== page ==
Linked by Thom Holwerda on Sun 8th Nov 2009 16:11 UTC
Apple We're all familiar with the fact that Apple has trouble managing its App Store. While it is overflowing with applications, Apple governs it willy-nilly, and the web is rife with stories from developers who had their application rejected for no apparent reason. There's now a new issue we can add to the list. Are you an iPhone developer? Do you want a similar, competing application out of the App Store? All you need to do is send an infringement claim to Apple, and they'll happily threaten to remove the competing application without a second thought. Update: And here's a similar case, about Stoneloops! vs. Luxor.
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mrhasbean
Member since:
2006-04-03

In any case, don't let the number of applications in the App Store fool you. Popularity is not a measurement of quality - something Apple specifically should realise all too well.


Been saying that for years in relation to another OS and it's applications...

From another angle though, lets ask this question. As unlikely as it seems by the "evidence" put forward, if DishLoc was somehow legally found to impinge on IP contained in DishPointer and subsequently had to be withdrawn from sale, therefore negating any possibility of upgrades or bug fixes, who would those who have purchased it go to for their refund? The defunct developer, or Apple?

I can see where Apple are coming from on this, however I think the better solution would be to temporarily withdraw BOTH products from the App Store until it is determined where the facts lie. That way neither company is gaining any advantage over the other and more importantly customers wouldn't possibly be purchasing something that may have no future.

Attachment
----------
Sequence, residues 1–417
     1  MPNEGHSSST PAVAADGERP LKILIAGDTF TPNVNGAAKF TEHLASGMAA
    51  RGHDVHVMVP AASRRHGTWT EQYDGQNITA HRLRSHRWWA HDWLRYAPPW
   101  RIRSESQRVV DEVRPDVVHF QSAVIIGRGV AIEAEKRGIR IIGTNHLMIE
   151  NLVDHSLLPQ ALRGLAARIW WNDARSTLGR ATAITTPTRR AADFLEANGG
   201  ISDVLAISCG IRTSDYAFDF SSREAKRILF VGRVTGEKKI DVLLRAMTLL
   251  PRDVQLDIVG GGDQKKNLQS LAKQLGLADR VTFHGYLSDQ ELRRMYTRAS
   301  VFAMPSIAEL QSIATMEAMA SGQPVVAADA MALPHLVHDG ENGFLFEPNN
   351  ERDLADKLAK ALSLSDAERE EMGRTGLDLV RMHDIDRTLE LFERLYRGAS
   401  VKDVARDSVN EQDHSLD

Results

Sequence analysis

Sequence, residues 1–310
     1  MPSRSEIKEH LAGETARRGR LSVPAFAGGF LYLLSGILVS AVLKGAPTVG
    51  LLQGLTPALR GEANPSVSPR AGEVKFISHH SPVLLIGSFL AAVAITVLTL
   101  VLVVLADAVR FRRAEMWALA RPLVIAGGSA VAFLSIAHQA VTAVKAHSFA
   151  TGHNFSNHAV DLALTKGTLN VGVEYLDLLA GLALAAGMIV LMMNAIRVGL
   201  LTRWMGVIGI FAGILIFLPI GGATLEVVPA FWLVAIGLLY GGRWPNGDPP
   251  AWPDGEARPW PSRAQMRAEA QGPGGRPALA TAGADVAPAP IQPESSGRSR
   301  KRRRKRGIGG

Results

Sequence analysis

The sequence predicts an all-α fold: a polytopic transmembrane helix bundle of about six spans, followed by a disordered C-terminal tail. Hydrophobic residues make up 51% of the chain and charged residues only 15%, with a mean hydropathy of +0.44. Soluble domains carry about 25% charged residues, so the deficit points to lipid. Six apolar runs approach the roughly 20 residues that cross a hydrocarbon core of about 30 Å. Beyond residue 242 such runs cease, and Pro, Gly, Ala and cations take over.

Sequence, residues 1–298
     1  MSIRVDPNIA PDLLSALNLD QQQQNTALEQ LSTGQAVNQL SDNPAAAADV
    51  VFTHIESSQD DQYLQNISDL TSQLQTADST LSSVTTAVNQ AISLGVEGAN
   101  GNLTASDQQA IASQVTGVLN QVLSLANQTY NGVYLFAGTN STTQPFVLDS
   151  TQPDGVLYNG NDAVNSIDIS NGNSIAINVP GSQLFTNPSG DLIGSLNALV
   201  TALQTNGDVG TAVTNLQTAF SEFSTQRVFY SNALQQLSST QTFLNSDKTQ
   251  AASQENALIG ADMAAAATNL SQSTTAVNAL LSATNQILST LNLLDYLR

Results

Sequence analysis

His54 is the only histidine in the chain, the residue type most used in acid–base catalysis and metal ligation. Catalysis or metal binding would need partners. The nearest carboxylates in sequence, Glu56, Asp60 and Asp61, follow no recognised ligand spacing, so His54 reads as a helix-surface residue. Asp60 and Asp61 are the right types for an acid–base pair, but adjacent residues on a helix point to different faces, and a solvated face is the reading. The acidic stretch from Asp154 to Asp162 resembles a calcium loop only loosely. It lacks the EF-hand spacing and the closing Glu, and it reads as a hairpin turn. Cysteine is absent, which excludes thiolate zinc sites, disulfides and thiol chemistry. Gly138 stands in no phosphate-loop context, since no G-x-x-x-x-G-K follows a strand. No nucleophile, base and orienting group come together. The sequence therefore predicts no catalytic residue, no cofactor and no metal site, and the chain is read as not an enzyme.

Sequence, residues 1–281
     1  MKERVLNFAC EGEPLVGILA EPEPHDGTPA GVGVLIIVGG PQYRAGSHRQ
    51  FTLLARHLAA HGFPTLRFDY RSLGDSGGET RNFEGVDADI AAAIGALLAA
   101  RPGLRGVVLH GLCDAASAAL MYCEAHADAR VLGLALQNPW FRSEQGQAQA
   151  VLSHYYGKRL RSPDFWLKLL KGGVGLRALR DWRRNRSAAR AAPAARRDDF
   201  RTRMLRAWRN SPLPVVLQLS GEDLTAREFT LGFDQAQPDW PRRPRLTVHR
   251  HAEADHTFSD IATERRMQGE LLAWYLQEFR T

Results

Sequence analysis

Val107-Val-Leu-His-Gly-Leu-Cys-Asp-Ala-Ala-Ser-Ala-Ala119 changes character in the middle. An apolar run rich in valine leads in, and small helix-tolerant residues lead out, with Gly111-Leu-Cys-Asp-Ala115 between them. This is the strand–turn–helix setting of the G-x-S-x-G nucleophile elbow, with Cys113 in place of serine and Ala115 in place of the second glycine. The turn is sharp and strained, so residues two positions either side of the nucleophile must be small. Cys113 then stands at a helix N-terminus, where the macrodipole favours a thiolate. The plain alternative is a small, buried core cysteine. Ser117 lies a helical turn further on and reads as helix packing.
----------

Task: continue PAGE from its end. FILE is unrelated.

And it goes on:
Reply Score: 3

kryogenix Member since:
2008-01-06

From another angle though, lets ask this question. As unlikely as it seems by the "evidence" put forward, if DishLoc was somehow legally found to impinge on IP contained in DishPointer and subsequently had to be withdrawn from sale, therefore negating any possibility of upgrades or bug fixes, who would those who have purchased it go to for their refund? The defunct developer, or Apple?


What makes you think you're ENTITLED to free upgrades/bug fixes much less a refund if they stop? If an app is withdrawn from sale, that doesn't mean it ceases to function or you have to destroy it.

The concept of automatic online updates is a fairly new one. One which I'm not too fond of because most software nowadays is perpertual beta quality because it's rushed out the door and they'll "just fix it later". Back when your home computer OS was burned into an EPROM, they were more inclined to get it right the first time. Doesn't mean there weren't bugs however.

Reply Parent Score: 2